- The Washington Times - Thursday, March 19, 2009


Apple Inc.’s next-generation iPhone software has copy-paste and multimedia messaging features but no sign of the much-coveted Flash for digital video.

Apple gave analysts and reporters a demonstration of the coming iPhone 3.0 operating system during an invitation-only event Tuesday at the firm’s headquarters here.

The software is available for outside developers interested in crafting miniprograms for popular iPhones and iPod Touch MP3 players, but the operating system will not be released publicly until midyear.

“It’s a significant update,” said Gartner Inc. analyst Van Baker. “When it ships, cut, copy and paste as well as multimedia-media messages will resonate most with consumers.”

IPhone 3.0 software will be a free upgrade for owners of the multifunctional Internet-linked mobile telephones. The new software will cost iPod Touch users about $10 each.

The improvements in iPhone 3.0 address some of the complaints that iPhones lacked functions basic in competitors such as the BlackBerry Storm, the Google Android G1 and the Palm Pre, which is to be released this summer.

Upgrades do not include being able to record video with iPhones or play video made using Adobe’s ubiquitous Flash software, an omission that deeply irks many iPhone owners.

During a question-and-answer session, Apple executives responded with “No comment” to clamors for video recording and compatibility with Flash.

”They did not address the camera, which is a fairly low quality for a smartphone these days, and they also did not mention video support, which would be nice to see,” said Creative Strategies Inc. analyst Tim Bajarin.

”But, you can only do so much with the existing hardware. This is still a significant update,” he said.

Scott Forstall, Apple’s senior vice president of iPhone software, demonstrated how text and photographs can be copied from Web pages on iPhone browsers and then pasted into an e-mail or any other application.

Security and user-interface design complexities were blamed for the delay in adding it to iPhone’s operating system.

“There are a lot of pieces we really cared about which we wanted to get perfect as opposed to releasing something that didn’t quite work right,” Mr. Forstall said.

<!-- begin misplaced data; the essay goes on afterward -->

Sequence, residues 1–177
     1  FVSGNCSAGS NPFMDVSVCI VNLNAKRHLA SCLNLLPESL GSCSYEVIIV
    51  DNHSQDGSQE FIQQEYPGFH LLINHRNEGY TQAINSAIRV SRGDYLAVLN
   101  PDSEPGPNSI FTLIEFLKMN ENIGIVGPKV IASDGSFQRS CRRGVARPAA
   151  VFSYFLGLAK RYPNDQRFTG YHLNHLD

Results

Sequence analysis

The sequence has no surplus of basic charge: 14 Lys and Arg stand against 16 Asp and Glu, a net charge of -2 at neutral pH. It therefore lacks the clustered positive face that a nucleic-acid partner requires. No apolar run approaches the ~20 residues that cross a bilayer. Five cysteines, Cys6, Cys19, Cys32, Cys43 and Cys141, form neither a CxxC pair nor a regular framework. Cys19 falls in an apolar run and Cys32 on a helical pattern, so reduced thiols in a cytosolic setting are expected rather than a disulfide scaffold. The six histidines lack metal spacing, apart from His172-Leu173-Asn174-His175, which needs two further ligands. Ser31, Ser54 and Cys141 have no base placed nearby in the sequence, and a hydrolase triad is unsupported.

A new iPhone function allows users to search through their address books, calendars, e-mail and even iPods.

The iPhone 3.0 also contains satellite navigation applications, stereo Bluetooth links and Internet sharing between devices and other computers.

Electronic Arts, Oracle, ESPN and others used the event’s stage to unveil applications tailored to iPhone 3.0.

“This was the last bit of software that we felt was keeping us from developing for the iPhone,” said Seth Sternberg of the instant-messenger service Meebo.com.

Apple is letting outside developers build voice chat into iPhone video games as well as access address books, calendars and iPod music libraries.

The iPhone 3.0 also lets accessory makers connect devices, such as radios, to Apple’s smartphones. “We’re going to allow developers to create accessories that can talk directly to the iPhone,” Mr. Forstall said.

Apple said this functionality could enable doctors to monitor patients on their iPhones, for example.

LifeScan’s Anita Mathew showcased an application that stores glucose readings on iPhones. “We will continue to create a world without limits for people with diabetes by partnering with Apple,” Miss Mathew said.

Apple has sold nearly 14 million iPhones in 80 countries since the devices hit the market in 2007. More than 800 million programs for iPhones have been downloaded from its online App Store, according to Apple.

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